Why 2021 Is The Year A Membership Site Becomes More Important Than Ever (And It Has Nothing To Do With Monetization)

The increase of censorship and deplatforming is not just political noise. It should serve as a wakeup call to revisit the structure of your online presence. Here's why...

There are many reasons why you might want to build a membership site. But, in this post, I want to share one that goes beyond money.

In fact, it seems incredibly relevant right now as we begin 2021.

Even if you never intend to charge a dime for your membership, this might be something you want to consider.

Current events have made my case.

Censorship And De-Platforming Becoming Normalized

I’ve talked about the dangers of over-centralization and “big tech” before.

Recently, we’ve seen things really ramp up. And none of it is particularly good for internet freedom.

First off, Parler was removed from the App Store and Google. But, then Amazon unceremoniously booted them from their cloud hosting. Parler was removed from the internet.

The Trump campaign – and the President himself – was removed from social media. Stripe turned off the campaign’s ability to process orders. Their email provider turned off the ability to send email.

It isn’t just Trump, either. Thousands and thousands of people – basically anybody that said anything about election integrity – was booted from Twitter and Facebook. Godaddy (who is a partner of Amazon now) removed hosting from a site focused on gun rights.

Cancel culture is now in full bloom. Modern day digital “book burning”. It amazes me that they don’t see history repeating itself.

Now, bear with me here. I know full well that there are likely people reading this from all political persuasions. That’s totally fine! In fact, I welcome it. I love you all.

My concern over this has nothing to do with politics and my fear is that the gravity of this escalation is being lost on some because they happen to dislike the targets and are caught up in the emotion of it all. I mean, many in our media are celebrating now censorship.  There are serious calls for entire media networks to be disallowed from operating – by other media organizations.

They just de-platformed the President of the United States. Even many leaders from around the world are calling out the dangerous precedent of that. And it is indeed very dangerous.

Unfortunately, this escalation  affects us all. Even if what you discuss on your blog has nothing to do with politics (and I assume that’s most of you), this is something that we cannot be blind to or write off as inapplicable.

If they will de-platform the sitting President, think about what that means for anybody else.

Thousands and thousands of accounts have been disappearing from Twitter. Pages have been disappearing from Facebook. I’ve seen numerous reports of Facebook Ad accounts being turned off and they literally had nothing to do with politics whatsoever.

They don’t even need to provide customer service. Most everybody who has an account banned has no recourse. No idea who to even contact to ask them why.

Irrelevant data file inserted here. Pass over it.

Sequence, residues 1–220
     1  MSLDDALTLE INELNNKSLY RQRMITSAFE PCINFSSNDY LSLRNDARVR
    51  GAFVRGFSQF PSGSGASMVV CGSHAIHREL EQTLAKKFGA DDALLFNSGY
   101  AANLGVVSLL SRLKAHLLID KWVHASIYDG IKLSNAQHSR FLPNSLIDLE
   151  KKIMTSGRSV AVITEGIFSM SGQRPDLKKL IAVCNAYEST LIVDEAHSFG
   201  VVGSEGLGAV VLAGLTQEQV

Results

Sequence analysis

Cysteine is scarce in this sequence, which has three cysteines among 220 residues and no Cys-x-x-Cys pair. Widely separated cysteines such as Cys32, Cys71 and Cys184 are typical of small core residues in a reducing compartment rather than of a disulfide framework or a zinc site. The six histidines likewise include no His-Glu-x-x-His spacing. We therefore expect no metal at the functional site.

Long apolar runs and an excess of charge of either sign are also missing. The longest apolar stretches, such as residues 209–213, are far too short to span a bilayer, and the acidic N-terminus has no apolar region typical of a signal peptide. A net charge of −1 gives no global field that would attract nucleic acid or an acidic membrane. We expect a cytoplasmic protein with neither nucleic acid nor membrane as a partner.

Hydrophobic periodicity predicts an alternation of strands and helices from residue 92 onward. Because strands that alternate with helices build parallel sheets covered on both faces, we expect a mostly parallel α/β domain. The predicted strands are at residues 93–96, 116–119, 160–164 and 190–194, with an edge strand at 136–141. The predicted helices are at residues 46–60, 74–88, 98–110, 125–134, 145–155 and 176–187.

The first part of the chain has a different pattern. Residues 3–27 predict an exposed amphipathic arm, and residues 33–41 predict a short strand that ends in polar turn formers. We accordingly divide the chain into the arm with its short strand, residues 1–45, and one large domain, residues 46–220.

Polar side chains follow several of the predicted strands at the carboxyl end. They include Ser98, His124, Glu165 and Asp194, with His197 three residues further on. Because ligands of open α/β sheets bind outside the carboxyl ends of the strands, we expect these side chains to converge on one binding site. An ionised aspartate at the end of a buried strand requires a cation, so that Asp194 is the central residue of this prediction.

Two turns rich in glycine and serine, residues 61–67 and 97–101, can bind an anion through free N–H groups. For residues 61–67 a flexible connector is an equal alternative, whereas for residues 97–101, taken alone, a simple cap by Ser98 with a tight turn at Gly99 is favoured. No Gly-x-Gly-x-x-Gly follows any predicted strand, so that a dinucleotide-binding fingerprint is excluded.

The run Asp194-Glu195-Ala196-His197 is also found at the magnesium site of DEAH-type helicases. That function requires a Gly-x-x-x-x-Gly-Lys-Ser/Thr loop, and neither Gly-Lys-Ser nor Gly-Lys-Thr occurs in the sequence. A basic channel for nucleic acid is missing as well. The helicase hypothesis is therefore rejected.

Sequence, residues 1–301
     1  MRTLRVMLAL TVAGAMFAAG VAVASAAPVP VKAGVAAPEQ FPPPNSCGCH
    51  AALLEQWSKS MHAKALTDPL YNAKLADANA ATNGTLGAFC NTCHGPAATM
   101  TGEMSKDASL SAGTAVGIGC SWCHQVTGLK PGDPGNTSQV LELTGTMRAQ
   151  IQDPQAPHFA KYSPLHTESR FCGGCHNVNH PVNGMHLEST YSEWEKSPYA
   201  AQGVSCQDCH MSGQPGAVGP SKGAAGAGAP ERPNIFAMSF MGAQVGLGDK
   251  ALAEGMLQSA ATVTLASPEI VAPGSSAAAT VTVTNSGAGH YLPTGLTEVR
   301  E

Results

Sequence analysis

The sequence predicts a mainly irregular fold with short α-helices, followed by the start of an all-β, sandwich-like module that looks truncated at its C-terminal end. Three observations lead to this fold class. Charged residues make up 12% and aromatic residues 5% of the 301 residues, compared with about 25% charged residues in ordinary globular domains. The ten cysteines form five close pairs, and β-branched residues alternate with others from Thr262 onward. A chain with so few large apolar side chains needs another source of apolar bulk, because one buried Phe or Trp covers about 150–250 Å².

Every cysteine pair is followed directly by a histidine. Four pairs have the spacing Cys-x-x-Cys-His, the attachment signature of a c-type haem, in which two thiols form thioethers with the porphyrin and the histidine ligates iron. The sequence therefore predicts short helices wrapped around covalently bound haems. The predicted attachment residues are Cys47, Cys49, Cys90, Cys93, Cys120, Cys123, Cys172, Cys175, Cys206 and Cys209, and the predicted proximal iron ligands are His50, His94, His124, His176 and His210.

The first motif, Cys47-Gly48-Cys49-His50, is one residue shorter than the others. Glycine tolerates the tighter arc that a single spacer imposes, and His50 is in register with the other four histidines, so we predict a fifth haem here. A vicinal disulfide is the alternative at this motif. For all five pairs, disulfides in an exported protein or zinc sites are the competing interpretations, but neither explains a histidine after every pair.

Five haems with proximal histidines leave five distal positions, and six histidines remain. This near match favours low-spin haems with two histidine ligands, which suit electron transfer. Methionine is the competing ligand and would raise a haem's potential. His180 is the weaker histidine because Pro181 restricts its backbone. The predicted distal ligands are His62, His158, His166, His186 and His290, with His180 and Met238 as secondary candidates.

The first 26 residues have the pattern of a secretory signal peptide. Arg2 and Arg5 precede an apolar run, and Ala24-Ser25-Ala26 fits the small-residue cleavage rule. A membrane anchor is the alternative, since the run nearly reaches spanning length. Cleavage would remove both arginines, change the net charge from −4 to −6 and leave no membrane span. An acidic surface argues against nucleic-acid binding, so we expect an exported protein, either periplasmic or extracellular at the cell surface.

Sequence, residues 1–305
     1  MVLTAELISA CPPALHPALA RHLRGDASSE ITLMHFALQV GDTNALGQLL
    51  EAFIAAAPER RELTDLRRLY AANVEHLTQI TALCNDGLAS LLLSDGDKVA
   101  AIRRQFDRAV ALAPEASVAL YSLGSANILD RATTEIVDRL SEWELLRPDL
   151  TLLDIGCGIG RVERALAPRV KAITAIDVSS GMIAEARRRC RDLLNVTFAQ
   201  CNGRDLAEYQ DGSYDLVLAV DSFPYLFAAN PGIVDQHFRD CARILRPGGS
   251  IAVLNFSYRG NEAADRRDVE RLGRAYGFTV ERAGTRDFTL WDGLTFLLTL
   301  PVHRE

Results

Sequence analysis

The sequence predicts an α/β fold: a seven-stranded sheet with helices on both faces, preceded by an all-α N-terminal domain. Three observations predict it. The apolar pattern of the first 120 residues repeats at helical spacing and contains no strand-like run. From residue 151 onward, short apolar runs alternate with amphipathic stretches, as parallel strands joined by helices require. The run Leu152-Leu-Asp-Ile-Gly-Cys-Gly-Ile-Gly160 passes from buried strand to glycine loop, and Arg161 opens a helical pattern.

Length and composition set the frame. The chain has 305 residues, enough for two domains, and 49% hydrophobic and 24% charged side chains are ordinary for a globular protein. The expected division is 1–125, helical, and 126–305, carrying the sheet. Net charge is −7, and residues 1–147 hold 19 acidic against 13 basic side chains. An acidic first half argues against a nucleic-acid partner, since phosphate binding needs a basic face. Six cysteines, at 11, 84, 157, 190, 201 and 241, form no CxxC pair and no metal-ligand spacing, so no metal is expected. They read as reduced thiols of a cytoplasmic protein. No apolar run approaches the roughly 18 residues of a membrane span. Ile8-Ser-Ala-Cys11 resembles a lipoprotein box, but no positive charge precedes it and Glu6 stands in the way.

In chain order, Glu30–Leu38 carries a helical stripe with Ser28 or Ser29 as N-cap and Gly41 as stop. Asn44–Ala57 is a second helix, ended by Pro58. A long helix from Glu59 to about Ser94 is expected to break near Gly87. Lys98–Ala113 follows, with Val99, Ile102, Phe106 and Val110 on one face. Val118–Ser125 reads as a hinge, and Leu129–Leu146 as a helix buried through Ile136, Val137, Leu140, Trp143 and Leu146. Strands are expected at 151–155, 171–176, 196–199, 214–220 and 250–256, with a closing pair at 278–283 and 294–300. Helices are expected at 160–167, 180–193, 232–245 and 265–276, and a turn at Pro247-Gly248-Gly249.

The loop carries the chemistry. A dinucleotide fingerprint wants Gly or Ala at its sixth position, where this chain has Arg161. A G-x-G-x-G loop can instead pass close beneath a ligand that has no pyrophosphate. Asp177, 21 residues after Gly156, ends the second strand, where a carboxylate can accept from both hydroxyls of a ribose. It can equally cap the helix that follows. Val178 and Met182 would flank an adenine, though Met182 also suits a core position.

Sadly, this is not just about social media. Now, you can be turned off my your email list provider, your web host… your payment provider. For practically any reason.

What This Has To Do With Your Platform

So, the question is… what do you do about it? And what does any of this have to do with membership sites?

I firmly believe that all of these recent events should be a big wakeup call for us all. I think it is time to have your eyes wide open in terms of how your internet presence is structured.

Simply put, if your online presence is overly reliant on any of these companies, you’re at risk. To a degree, it definitely depends on what your niche is. But, you’d be ignorant of history not to understand how these things creep and eventually backfire.

I know of large membership sites that still run their communities exclusively as Facebook groups. To me, this seems like the epitome of idiocy. With Facebook’s history and lack of accountability, what would you do if suddenly that group… disappeared? Who do you call?

What about building an email list? Many blog owners build their “community” this way and, indeed, an email list is very important. But, is that it? Who hosts your email list? Do you ever back it up and download your email list for  backup purposes? What would happen to you if, suddenly, your email list provider decided they didn’t want to host your list anymore?

My point is…

So many blog owners and online entrepreneurs set things up in such a way that they are overly reliant on third-party tech companies. And in some cases, they just have this blind trust that that company will always be there and will never screw them over.

The way I see it…

Your turf. Your rules. Your data.

Properly set up, your membership site can be self-sufficient. While you may use outside services, you would have a backup plan should a third-party provider decide to have an unannounced hissy fit.

  • You could host your own online community, right on your own site. You make the rules. You make it look however you want. The whole thing is on your turf.